Related Photos
<p>Former Oklahoma Attorney General Drew Edmondson, now a Democratic gubernatorial nominee, speaks in 2016 in Oklahoma City. [Photo by Steve Sisney, The Oklahoman Archives]</p>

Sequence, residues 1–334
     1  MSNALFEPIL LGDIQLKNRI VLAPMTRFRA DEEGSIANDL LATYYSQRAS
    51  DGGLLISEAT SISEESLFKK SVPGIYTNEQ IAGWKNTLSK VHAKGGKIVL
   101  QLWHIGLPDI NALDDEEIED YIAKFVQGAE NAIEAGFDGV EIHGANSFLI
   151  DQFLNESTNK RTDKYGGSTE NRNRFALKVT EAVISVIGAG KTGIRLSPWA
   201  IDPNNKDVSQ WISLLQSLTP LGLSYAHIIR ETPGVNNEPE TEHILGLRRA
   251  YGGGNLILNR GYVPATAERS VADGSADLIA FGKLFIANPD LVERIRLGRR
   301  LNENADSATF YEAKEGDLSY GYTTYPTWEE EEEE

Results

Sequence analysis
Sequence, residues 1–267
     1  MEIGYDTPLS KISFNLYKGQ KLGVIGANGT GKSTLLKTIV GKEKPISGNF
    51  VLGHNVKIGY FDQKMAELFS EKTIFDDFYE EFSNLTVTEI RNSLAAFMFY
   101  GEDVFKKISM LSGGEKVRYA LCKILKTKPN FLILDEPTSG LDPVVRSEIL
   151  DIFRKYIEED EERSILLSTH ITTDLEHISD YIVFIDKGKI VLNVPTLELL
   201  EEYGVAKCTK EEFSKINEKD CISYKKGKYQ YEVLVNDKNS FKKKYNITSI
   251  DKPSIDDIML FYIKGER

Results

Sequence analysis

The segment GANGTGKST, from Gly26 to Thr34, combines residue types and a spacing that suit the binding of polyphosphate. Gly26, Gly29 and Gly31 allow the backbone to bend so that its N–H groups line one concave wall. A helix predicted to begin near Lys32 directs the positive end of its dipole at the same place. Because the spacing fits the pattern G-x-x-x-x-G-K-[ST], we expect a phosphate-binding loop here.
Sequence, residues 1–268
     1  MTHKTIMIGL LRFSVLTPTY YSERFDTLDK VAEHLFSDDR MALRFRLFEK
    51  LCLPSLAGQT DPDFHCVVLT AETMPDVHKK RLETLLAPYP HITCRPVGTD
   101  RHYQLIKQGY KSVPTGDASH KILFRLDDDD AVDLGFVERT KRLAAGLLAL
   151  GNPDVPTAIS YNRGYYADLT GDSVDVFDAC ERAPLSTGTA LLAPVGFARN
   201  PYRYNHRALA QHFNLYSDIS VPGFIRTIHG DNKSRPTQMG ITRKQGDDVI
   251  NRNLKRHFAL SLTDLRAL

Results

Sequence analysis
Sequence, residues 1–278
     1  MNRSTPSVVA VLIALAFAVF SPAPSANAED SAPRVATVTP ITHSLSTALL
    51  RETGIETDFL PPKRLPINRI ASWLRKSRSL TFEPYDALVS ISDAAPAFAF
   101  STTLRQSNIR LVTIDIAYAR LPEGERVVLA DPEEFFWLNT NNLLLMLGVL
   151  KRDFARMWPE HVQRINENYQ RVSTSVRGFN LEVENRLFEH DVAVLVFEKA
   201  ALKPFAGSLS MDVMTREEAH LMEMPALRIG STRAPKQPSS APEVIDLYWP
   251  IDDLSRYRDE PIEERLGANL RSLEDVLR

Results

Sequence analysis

Former Oklahoma Attorney General Drew Edmondson, now a Democratic gubernatorial nominee, speaks in 2016 in Oklahoma City. [Photo by Steve Sisney, The Oklahoman Archives]